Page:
Ader says that recent price action has been in part a result of the market repositioning to price in efforts by the central bank to stem inflation. But he wonders if we are also seeing the "long-awaited deleveraging of the global financial system." "In conversations with customers and others, it has become obvious ... there is a suspicious absence of any major fundamental trigger," he says. "At the beginning of March, we knew the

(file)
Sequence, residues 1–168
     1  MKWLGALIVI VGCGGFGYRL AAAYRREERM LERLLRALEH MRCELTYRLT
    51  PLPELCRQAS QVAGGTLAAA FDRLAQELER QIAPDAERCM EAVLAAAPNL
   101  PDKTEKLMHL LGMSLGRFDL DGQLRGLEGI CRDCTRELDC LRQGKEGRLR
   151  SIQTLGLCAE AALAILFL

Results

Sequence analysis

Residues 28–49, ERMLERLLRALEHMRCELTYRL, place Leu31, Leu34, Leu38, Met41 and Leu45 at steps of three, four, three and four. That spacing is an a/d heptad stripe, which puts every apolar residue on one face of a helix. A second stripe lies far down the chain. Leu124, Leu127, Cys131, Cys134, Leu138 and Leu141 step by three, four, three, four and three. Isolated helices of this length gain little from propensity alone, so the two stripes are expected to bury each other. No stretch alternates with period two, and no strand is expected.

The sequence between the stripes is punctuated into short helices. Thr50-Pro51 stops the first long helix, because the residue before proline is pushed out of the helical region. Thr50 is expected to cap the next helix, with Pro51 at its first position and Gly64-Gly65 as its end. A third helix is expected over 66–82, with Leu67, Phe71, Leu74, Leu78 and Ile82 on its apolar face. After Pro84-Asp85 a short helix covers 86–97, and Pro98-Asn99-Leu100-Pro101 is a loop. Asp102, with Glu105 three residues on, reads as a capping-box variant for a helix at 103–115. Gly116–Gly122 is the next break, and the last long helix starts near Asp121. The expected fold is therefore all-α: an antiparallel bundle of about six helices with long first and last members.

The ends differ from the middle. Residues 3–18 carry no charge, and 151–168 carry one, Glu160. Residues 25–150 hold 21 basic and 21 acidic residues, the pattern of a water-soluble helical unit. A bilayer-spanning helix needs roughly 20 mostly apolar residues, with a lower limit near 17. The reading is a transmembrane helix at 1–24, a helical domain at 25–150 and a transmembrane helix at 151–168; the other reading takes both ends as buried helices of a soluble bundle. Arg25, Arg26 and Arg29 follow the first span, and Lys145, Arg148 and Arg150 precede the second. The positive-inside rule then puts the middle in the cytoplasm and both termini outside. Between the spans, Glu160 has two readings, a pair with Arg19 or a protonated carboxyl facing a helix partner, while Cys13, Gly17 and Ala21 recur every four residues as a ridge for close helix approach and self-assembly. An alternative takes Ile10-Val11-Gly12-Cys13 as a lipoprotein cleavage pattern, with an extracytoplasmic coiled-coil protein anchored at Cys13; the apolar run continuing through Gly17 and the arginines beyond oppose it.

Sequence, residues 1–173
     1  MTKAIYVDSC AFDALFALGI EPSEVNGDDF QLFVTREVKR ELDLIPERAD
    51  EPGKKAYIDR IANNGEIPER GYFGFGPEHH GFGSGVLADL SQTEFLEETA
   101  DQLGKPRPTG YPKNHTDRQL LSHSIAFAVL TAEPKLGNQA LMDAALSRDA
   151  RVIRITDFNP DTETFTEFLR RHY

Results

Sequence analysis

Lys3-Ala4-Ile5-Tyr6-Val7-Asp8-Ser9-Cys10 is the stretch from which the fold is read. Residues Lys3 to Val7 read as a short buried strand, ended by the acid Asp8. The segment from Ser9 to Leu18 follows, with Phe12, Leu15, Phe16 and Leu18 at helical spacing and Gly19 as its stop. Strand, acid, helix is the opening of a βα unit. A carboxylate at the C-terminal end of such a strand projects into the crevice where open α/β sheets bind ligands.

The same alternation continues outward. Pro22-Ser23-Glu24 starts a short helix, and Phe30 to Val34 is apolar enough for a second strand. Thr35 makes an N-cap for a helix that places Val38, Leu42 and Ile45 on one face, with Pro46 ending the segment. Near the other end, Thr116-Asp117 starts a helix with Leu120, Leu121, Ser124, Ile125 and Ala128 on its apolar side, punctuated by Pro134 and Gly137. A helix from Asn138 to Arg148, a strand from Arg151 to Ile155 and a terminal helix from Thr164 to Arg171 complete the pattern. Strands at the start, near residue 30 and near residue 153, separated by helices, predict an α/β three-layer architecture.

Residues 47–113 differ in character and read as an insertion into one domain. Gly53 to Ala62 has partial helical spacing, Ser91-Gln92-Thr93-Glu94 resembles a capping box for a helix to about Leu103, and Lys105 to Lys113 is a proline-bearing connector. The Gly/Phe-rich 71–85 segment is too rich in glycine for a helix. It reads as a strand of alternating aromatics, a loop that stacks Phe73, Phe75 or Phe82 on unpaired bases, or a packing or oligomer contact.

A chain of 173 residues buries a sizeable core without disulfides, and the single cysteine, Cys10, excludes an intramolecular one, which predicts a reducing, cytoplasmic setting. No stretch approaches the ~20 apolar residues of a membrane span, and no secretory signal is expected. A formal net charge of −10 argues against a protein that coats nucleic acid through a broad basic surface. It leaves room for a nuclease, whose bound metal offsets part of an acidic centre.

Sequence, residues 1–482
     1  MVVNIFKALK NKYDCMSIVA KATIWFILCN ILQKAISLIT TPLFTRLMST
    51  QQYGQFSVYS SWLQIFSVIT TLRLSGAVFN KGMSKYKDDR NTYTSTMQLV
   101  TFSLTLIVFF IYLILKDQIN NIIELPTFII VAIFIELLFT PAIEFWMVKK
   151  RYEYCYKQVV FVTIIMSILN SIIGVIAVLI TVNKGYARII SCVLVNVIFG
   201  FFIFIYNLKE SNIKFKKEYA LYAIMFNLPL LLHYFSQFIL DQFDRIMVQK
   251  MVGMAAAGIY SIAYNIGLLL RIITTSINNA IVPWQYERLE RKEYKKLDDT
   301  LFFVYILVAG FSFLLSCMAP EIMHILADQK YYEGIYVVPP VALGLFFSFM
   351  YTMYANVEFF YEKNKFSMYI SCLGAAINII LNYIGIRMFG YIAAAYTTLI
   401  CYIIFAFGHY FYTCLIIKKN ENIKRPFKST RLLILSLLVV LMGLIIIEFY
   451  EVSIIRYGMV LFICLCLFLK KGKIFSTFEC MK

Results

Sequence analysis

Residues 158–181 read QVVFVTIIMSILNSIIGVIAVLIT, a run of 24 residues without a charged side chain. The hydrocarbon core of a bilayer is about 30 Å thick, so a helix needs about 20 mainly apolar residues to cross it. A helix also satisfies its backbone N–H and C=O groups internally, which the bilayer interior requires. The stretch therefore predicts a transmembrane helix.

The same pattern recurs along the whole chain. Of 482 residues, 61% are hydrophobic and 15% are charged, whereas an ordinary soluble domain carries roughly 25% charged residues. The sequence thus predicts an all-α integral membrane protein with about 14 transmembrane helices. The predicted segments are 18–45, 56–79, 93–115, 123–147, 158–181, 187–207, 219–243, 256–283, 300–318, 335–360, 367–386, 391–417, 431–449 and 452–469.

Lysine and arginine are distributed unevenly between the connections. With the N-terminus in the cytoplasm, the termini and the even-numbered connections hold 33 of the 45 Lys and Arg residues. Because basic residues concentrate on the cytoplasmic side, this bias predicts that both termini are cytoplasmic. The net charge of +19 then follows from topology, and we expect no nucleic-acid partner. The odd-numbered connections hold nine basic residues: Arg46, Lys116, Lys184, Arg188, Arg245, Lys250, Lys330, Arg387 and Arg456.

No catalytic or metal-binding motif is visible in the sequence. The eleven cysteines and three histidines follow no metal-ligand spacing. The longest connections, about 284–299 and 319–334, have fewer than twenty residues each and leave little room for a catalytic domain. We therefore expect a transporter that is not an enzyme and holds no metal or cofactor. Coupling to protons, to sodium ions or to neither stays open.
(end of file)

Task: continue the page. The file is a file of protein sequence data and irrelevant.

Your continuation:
Bank of Japan would soon end its quantitative easing policy, the European Central Bank was tightening, and the Fed had at least two more quarter-point hikes to go. What has changed? Nothing but the price action." Selling has hit fixed-income markets worldwide on signs that the ECB and the Bank of Japan will begin to raise their historically low interest rates and tighten their money supplies. Tony Crescenzi, chief bond market strategist at Miller Tabak and a RealMoney.com contributor, says that if interest rates worldwide rise, that could make Treasuries less attractive to foreign investors. The reason is that as rates go higher around the world, the Treasury market may no longer be the only safe haven where foreign investors can get a real return. The Bank of Japan has a policy meeting Wednesday and Thursday, when central bankers could raise interest rates now that the Japanese economy has shown some life. The Bank of Canada on Tuesday raised its overnight rate 25 basis points to 3.75%, as expected; and the European Central Bank raised rates by a quarter of a point last Thursday to 2.50%, its second hike in the last three months. No matter where the Fed takes rates, Crescenzi wrote in a recent RealMoney column , Treasury yields will follow. "The line that I have repeated more often than any other since last year is that Treasuries rarely trade below the fed funds rate," he writes. "It is a simple rule of thumb, one that helps explain the most recent behavior of the bond market, which today has weakened to its most fragile point in years." The Treasury said it will sell a lowered $18 billion in four-week bills Wednesday to raise approximately $4 billion in new cash. It also said it will auction $8 billion in 10-year notes on Thursday, in a reopening of last month's sale. This is less than the $9 billion in 10-years that Wall Street had been expecting. To make room for all this new debt, the Treasury will redeem retirement fund assets and suspend new investments in civil service funds as to avoid hitting its credit limit. ( Read this to see what happens when the U.S. maxes out its credit.) The Treasury is waiting for Congress to raise the legislated debt ceiling, and may have to use more dramatic "accounting devices" until more credit is approved. Legislative approval seems inevitable since Congress itself passed the fiscal year 2006 spending that necessitates the government's level of borrowing. The auction could weigh on the market as traders sell older notes to make room for the new issue. Corporate bond issuance could also be a drag on Treasuries, with GE Capital, Siemens AG ( SI) and Daimler Chrysler ( DCX) all ready to sell debt.